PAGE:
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S&P 500 Technical Update

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What's worrisome is the quick two-day ascent. Here's what to watch today.

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After cascading lower earlier this week, the financial markets have recovered nicely. In fact, so "nice" that the S&P 500 has retraced 50% of its losses spanning the recent 4/2 high down to the recent 4/10 low. And so "nice" that it took just two days to do this. Trust me, I would like to call this near term bullish, but I'm very concerned that the market may let us down in the coming days for a couple reasons.

First and foremost, many major indices are technically "broken" (near term). Trendlines have been lost and a minimum requirement of "time" is needed to heal. But "price" is the concern here for traders. And this will be magnified if the recent lows around 1357 do not hold.

Also worrisome is the quick two-day ascent. After a technical waterfall breakdown, this type of "floating" lift upward is quite common and usually a sign of the bear. And it usually involves the least amount of participants initially and lots of catch up to push prices higher. This was exemplified by yesterday's gap open that left many feeling behind and anxious to get in on the action.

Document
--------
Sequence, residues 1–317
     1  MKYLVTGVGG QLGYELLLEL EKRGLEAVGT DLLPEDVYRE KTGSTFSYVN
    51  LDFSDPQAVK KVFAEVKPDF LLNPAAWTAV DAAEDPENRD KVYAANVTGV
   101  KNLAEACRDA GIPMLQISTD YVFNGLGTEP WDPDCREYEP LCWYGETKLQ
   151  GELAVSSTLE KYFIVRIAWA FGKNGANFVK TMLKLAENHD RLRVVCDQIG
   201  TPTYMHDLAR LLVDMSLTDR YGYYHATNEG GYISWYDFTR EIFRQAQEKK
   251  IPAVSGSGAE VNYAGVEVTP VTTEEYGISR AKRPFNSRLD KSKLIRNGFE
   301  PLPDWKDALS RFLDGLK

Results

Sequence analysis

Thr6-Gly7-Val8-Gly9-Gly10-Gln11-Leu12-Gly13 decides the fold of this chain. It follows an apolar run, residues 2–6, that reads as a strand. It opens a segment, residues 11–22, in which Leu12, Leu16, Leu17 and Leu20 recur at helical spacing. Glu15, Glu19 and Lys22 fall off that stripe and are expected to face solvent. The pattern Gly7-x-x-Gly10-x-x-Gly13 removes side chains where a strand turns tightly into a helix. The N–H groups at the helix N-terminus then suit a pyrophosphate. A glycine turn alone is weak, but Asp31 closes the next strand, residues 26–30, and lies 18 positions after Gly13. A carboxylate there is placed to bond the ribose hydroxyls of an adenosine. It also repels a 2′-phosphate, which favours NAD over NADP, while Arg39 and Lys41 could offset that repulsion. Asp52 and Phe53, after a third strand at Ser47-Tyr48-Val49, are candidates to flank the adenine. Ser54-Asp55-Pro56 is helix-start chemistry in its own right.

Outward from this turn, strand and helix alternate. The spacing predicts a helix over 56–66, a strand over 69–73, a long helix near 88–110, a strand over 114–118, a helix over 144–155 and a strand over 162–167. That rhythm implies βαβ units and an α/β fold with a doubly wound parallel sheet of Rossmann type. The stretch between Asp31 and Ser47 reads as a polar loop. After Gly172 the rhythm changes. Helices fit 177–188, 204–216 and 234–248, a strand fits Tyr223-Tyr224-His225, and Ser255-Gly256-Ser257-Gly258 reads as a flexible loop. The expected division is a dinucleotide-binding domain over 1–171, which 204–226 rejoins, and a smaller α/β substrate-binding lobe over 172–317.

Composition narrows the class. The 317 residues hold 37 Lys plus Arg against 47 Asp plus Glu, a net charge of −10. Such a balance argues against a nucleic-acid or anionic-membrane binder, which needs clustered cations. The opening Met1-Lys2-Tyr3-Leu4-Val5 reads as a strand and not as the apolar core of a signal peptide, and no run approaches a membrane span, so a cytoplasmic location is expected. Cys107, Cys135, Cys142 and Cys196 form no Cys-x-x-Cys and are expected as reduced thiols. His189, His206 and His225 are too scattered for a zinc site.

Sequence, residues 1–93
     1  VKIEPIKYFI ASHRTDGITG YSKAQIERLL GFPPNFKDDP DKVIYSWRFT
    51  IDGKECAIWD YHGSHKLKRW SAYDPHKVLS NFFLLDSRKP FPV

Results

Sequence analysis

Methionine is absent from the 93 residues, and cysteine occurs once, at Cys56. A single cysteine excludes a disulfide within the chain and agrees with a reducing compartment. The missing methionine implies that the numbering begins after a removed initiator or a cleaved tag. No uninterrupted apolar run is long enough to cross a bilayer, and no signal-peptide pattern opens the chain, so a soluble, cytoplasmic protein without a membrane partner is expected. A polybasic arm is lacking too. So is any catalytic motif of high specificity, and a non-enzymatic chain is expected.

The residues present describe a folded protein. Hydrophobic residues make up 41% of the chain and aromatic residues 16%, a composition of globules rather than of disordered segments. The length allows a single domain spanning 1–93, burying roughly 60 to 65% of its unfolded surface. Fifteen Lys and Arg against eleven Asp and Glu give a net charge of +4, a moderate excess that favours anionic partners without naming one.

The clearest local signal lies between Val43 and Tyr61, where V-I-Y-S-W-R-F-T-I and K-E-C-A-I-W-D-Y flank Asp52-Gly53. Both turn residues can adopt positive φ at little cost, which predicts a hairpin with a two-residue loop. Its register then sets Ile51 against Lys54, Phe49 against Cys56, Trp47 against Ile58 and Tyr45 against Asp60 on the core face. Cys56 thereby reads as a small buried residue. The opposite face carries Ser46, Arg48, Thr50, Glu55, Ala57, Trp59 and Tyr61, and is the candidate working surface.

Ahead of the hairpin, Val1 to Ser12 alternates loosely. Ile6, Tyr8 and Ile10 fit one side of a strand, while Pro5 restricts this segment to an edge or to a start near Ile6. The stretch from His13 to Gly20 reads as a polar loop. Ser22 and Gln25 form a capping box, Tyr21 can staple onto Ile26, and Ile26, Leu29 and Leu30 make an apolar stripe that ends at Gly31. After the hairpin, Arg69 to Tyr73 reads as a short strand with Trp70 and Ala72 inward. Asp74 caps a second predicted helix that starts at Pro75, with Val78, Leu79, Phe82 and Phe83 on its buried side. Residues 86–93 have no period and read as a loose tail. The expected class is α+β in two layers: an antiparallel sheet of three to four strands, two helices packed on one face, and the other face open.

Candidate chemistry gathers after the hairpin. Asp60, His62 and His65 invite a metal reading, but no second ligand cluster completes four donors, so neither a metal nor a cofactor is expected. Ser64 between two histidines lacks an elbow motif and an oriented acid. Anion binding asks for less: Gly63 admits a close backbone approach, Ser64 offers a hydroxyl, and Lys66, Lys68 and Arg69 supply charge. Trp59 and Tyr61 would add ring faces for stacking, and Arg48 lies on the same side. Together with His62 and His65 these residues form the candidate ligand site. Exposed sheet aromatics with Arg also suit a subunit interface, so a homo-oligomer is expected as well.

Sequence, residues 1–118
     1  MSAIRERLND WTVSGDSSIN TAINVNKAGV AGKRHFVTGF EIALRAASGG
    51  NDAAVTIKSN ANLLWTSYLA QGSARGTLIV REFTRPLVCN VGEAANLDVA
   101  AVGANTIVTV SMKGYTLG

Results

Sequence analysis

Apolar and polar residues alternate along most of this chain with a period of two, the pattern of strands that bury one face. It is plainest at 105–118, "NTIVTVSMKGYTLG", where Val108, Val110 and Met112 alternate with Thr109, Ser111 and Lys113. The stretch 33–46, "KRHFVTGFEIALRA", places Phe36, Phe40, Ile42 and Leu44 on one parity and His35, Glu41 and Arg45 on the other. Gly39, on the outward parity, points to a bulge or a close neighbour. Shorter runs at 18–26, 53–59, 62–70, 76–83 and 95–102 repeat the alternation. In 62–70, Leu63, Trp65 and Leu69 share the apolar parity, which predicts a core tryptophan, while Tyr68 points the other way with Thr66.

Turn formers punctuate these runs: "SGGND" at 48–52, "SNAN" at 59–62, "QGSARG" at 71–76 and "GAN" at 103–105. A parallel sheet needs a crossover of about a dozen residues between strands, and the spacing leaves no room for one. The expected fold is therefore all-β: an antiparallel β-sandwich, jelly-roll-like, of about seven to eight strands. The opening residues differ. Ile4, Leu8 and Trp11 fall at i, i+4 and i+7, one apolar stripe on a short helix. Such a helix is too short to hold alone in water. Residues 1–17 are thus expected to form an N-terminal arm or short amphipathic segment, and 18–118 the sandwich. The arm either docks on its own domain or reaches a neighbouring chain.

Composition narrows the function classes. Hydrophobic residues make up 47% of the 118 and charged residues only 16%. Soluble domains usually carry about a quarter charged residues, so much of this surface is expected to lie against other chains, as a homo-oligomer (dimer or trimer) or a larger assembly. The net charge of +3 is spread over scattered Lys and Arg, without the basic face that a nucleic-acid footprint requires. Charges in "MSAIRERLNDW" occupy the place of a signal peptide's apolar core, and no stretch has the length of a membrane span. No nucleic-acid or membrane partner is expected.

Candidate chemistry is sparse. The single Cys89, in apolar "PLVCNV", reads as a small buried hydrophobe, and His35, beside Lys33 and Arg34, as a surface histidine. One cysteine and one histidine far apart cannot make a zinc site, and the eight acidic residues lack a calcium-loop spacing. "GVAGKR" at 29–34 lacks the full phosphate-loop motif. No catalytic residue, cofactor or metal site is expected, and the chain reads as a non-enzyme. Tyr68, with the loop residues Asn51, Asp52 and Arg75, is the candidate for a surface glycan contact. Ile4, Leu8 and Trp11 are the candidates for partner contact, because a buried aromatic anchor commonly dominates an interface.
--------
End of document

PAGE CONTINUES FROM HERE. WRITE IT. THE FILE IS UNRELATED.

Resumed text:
I feel fortunate that into Tuesday's abyss I entered some "right-sized" positions in the S&P 500 Index (SPY), Gold Miners (GDX), Arch Coal (ACI), and Valero Energy (VLO). But I have exited all of them and am sitting on 100% cash at present. See Tuesday chartology's of Gold Miners here and Valero Energy here (I will look to re-enter each on a pullback next week).

I plan to watch the markets closely over the next day or two to see how the S&P 500 handles 1390-1395 on a closing basis (1388 is the 50% Fibbinacci up retrace and 1394 is equidistant shoulder depth to late February/early March pullback). Any actions will be quick and I may look to short the index via SH. I will also be watching the Financials Sector (XLF), as the financials have been a key ingredient to the S&P 500 rally. See technical charts below and trade safe.








Editor's Note: Andrew Nyquist is an independent investor based in the Minneapolis area. This article originally appeared on his investing and economics site, See It Market.

Twitter: @andrewnyquist
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No positions in stocks mentioned.

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